3.           The Bug Wars in Thailand. According to the Thai Tapioca Starch Association, cassava—a woody, shrubby plant, widely cultivated in the Tropics for its starchy root—is worth around US$1.5 billion a year to Thailand’s farmers. But people are not the only ones who find this rich vegetable delicious—it is also eagerly devoured by an unruly pest called the mealy bug. According to the New York Times, in 2010, the infestation was so serious that it become nothing short of a plague. To fight this onslaught, the Thai government released a quarter of a million tiny parasitic wasps—the mealy bug’s natural predator—in the cassava fields of the Nakhon Ratchasima district to successfully control the problem.

4.           Spicing things up in Guatemala. To save money and help heal the land, the UN Food and Agriculture Organization (FAO) in Guatemala is helping farmers discover ways to make pest-control preparations using free or cheap locally available ingredients. In workshops that engage community leaders, local representatives of FAO hold practical demonstrations that combine water with large amounts of crushed garlic and chiltepes—pinky-fingernail-sized highly spicy local chili peppers. The end result is an all-natural pesticide that can be sprayed regularly on plants to deter unwanted insects, birds, and animal gorgers naturally with its pungent odor and painful spice.

5.           Natural methods to minimize rice storage losses in India. It is not just on the farm that insects and other creatures can claim a share of a harvest. Storage of perishable goods such as rice, produced in India and other countries, is also prone to pest and fungi attacks. According to the German Transport Information Service, flour, drugstore, and spider beetles, as well as moths, rats, and mice, are all attracted to rice. The damage they cause leads to increased grain respiration—a chemical reaction that releases water vapor and warmth in the process of breaking down glucose into energy for the plant’s cells—which increases moisture and heat levels that facilitate bacteria growth and mold. Large losses of stored crops can occur if these are left unchecked. Meanwhile, fungicide and pesticide-treated grain—rice is often fumigated with an insecticide called methyl bromide—leaves chemical residues that could harm human health.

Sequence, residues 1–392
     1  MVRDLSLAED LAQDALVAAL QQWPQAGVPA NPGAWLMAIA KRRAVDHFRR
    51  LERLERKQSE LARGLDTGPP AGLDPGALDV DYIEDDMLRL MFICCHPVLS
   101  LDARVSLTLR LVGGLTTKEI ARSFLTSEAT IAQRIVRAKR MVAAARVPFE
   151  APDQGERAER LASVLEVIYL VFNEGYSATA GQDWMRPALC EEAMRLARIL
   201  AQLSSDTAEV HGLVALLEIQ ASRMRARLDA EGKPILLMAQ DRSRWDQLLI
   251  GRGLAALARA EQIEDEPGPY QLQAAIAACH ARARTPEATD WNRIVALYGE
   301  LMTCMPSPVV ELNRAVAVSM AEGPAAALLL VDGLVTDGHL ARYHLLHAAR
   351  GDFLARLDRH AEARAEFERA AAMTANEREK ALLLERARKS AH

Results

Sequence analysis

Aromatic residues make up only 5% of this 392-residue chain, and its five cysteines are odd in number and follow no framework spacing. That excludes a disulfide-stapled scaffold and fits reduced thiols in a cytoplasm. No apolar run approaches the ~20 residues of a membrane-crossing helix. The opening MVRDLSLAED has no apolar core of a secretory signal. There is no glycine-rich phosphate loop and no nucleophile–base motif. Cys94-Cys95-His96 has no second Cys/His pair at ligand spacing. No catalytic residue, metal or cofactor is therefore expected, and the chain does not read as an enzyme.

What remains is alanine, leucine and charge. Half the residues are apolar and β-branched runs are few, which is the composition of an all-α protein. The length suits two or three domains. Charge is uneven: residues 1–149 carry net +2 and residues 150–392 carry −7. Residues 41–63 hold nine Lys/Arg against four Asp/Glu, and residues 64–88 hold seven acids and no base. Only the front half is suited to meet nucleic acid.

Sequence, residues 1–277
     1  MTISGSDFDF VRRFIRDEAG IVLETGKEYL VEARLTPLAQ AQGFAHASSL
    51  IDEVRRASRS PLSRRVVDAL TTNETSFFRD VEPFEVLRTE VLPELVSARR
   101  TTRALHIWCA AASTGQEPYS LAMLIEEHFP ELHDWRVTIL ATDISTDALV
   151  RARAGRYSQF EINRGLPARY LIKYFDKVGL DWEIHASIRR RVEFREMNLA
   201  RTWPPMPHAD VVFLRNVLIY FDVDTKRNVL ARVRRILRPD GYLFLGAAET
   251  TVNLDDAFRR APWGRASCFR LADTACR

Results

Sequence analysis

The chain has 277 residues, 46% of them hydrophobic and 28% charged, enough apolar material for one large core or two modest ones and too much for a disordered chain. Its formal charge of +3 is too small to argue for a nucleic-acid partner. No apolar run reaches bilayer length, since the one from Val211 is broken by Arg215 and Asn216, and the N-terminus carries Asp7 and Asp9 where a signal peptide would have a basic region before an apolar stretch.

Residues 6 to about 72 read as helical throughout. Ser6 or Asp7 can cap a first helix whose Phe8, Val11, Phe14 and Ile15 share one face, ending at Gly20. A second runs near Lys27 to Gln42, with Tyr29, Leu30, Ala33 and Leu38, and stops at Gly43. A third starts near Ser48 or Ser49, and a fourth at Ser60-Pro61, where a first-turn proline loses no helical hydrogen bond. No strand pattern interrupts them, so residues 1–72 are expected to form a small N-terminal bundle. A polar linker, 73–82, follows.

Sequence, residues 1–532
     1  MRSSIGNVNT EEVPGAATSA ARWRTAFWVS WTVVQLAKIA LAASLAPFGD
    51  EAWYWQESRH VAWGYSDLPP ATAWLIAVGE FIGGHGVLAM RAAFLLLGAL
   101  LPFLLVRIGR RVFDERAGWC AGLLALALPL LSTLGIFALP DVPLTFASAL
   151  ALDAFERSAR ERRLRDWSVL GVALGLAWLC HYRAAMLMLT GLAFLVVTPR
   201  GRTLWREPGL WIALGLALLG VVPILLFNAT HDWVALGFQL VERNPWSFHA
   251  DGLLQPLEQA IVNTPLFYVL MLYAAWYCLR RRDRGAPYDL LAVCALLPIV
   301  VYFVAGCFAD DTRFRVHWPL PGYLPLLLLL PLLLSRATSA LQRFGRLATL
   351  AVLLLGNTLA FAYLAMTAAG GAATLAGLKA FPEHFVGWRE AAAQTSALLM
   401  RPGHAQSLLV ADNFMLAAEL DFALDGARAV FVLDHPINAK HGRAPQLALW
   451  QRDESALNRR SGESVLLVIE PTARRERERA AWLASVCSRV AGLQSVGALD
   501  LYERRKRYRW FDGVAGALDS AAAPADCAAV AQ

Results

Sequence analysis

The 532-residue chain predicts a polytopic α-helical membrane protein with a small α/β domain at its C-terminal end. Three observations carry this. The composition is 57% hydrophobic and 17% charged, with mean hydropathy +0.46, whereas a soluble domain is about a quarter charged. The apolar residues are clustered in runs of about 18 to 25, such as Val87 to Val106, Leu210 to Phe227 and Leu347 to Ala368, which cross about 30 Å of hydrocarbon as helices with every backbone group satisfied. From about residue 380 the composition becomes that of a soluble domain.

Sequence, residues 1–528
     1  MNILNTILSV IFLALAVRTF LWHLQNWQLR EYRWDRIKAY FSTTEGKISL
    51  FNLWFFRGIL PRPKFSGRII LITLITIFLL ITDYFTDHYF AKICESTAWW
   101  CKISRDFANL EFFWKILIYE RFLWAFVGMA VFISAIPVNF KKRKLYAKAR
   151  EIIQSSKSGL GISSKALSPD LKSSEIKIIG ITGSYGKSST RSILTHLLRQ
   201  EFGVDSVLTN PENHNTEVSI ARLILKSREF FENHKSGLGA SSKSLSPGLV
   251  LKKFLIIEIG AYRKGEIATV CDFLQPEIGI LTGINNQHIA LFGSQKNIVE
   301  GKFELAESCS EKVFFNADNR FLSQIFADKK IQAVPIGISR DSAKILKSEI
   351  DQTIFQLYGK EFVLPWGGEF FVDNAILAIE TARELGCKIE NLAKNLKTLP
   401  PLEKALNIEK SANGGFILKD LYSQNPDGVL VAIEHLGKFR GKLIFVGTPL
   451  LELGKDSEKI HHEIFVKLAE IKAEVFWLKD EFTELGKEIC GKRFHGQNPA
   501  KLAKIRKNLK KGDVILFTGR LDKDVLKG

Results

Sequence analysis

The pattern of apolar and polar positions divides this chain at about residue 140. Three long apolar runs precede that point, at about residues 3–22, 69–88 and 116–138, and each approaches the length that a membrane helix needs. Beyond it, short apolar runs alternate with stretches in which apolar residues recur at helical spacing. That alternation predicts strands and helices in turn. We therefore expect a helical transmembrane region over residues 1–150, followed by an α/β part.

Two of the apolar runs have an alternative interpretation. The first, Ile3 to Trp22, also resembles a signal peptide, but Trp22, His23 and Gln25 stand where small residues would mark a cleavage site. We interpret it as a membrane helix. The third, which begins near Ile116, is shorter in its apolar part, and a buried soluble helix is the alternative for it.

A global consortium of rice farmers and scientists recently found a mixed technology solution to this problem. The team came together under the EURIKA project, a multi-governmental European research initiative. According to the project, their novel combination of insect traps, better refrigeration, and use of natural gases to slow down pest development has been so successful—it saw a 95 percent decline in rice lost to pests during storage and transportation—that four companies are already using it to great effect. The method is also undergoing research into the solution’s applicability to reduce storage and transportation losses of many other grains besides rice.

Of course, using a single method to control one pest is not a panacea. In fact, even the most seemingly natural alternatives come with their own tradeoffs and possible negative side effects. According to National Geographic, for example, the introduction of the cane toad to control pests in Australia in the 19th and 20th centuries led to tragic consequences for many native species. Most of the methods above, however, are compatible with the wider principles of Integrated Pest Management that views the farm as an integrated, whole ecosystem and therefore uses natural methods of pest control that do not upset its overall balance.

Do you know of other fascinating, natural techniques that farmers use to control pests? Please share them in the comments below.

Ioulia Fenton is a Food and Agriculture Research Intern with Nourishing the Planet.

Nourishing the Planet has written extensively on integrated and reduced input pest management and other techniques. Check out these articles: What works: Reduced Input Pest Management; Innovation of the Week: Handling Pests with Care Instead of Chemicals; Five Ways to Get Rid of Pests Without Using Chemicals ; For Pest Control, Following Nature’s Lead, and Tiny Bugs to Solve Big Pest Problem.

To purchase State of the World 2011: Innovations that Nourish the Planet please click HERE.



Five Organizations Sharing Local Knowledge for Success Across the World